Inspired by Chao et al 2021.
Random – refers to random frequency EA (in this case from 2Hz to 10Hz)key to acronyms
DD – dense dispersed (in this case 2/10Hz for 5s each)
EA – electroacupuncture
MA – manual acupuncture
CCI – chronic constriction injury
ABVN – auricular branch of the vagus nerve
This is quite an unusual paper that was published online first in Acupuncture in Medicine on 10 November 2021. It is the first study to evaluate the effects of a random mode of delivering EA frequencies compared with the more standard DD mode.
So called dense dispersed mode was first developed by Professor Jisheng Han to maximise the effects of both low frequency and high frequency EA stimulation, since their effects appeared to be mediated by different endogenous opioids. This mode of stimulation has been the most common for decades, and very few clinical trials have had the power to differentiate between different modes of EA treatment, or indeed between EA and MA.
As basic science studies have probed the various mechanisms of EA and MA, and as animal models have become more sophisticated, it has become clear that the most interesting and lasting effects of acupuncture derive from stimulation of small nerve fibres in deep somatic tissue. These fibres may have an optimal stimulation frequency in the range 2 to 15Hz and attempting to stimulate them at higher frequency may be suboptimal. I am sure I have mentioned this in the blog previously, but this idea came from discussions with the late Professor John Longhurst over his chapter in the 2nd edition of the textbook Medical Acupuncture.
Laboratory experiments in animal models have the disadvantage of focussing on relatively short-term outcomes, although a few have managed to test multiple treatment cycles. This paper measures outcomes for up to 24 hours, which is long enough to demonstrate interesting differences between the modes of stimulation but is too short to draw meaningful conclusions about clinical practice in human patients, even overlooking the fact that it is a mouse model of course.
The model used in this pilot study was a CCI applied to the sciatic nerve in which 4 ligatures are tied loosely around the nerve at 1 to 1.5mm intervals. This creates hyperalgesia and allodynia in the affected limb, as well as spontaneous pain behaviour.
EA was applied to ST36 and GB34 on the affected side at either 2/10Hz DD mode or a random sequence of frequencies between 2 and 10Hz. EA was applied at a level to achieve a motor response between 0.4 to 2.0mA in anaesthetised animals for 20 minutes in one set of groups and 40 minutes in another set of groups.
Three different outcomes were measured. Two were different tests for mechanical allodynia and the third was a spontaneous pain behaviour scale. The results seem to show that the random mode effects lasted up to 24 hours and the DD mode effects lasted around 2 to 4 hours. The effects of the random mode were unaffected by increasing the time of stimulation from 20 to 40 minutes, whereas the effects of DD mode appeared to be diminished with the extended time.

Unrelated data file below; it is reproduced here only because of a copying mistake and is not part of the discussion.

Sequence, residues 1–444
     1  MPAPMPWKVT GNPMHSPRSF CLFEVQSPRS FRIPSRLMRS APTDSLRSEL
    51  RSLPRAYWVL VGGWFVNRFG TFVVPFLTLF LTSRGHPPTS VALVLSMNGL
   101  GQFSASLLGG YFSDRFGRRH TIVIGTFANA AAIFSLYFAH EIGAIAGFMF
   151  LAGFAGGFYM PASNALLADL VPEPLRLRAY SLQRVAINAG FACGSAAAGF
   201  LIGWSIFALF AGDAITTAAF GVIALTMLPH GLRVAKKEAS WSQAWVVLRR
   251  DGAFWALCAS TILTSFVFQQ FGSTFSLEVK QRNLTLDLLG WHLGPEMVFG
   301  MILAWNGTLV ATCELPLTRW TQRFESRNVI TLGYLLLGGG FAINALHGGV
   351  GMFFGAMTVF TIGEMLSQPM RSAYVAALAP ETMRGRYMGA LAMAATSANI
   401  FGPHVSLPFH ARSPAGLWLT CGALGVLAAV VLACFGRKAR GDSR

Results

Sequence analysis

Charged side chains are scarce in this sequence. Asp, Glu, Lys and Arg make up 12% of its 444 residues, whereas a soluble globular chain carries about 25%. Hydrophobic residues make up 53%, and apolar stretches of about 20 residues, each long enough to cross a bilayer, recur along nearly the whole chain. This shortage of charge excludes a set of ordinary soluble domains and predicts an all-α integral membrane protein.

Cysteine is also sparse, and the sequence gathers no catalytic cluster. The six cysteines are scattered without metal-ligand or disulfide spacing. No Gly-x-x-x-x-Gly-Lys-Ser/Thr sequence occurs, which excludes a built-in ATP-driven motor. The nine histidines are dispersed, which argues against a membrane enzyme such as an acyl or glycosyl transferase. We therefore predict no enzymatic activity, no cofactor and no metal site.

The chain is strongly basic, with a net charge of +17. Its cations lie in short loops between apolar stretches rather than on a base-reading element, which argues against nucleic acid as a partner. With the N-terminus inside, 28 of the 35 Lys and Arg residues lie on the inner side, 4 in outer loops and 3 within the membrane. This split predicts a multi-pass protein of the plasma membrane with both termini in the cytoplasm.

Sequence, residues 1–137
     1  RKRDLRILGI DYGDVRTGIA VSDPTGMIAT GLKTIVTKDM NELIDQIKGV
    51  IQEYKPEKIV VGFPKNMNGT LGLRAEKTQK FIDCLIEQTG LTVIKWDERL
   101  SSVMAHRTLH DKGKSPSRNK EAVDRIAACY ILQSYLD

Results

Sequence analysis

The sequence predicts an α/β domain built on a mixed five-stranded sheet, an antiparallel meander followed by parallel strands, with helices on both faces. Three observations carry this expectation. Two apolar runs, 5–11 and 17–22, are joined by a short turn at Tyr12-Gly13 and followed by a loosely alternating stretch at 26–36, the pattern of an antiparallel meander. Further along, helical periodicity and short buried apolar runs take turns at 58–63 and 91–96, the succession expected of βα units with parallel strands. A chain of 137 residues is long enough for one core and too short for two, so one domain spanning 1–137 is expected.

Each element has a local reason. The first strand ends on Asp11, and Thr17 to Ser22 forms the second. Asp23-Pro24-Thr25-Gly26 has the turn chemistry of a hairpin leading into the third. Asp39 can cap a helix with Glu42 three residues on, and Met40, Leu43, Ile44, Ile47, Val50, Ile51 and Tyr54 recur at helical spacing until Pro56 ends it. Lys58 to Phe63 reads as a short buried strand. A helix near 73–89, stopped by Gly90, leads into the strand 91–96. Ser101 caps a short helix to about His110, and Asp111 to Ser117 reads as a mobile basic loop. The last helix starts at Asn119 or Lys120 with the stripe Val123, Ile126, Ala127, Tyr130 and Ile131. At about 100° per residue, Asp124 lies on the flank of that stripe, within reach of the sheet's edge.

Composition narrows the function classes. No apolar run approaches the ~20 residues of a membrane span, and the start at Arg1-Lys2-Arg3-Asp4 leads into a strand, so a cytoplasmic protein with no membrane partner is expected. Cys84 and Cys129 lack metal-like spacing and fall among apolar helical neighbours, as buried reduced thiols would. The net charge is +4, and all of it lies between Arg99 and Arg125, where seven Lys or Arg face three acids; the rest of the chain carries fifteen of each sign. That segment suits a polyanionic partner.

The random mode was also applied to points in the concha of the ear (innervated by the ABVN) in another group and the effects appeared to be almost identical to the random mode applied to ST36 and GB34.
All measurements were performed blind, although animals with the CCI would have been identifiable by their behaviour from those that were normal or had received sham surgery. I don’t think this is a problem, but the fact that there were only 3 animals in each group is a limitation, and means we really need this work to be replicated before we all reach for this fancy EA device from Brazil.
Having said that, I have already looked in to getting hold of the EL608 before I saw this research because it has an ideal waveform, fine control of current and 8 outputs.
1 Chao L, Gonçalves AS, Campos ACP, et al. Comparative effect of dense-and-disperse versus non-repetitive and non-sequential frequencies in electroacupuncture-induced analgesia in a rodent model of peripheral neuropathic pain. Acupunct Med Published Online First: 10 November 2021. doi:10.1177/09645284211055751
2 Han JS. Acupuncture and endorphins. Neurosci Lett 2004;361:258–61. doi:10.1016/j.neulet.2003.12.019
3 Longhurst JC. Acupuncture in cardiovascular medicine. In: Filshie J, White A, Cummings M, eds. Medical Acupuncture – A Western Scientific Approach. London: Elsevier 2016. 394–421.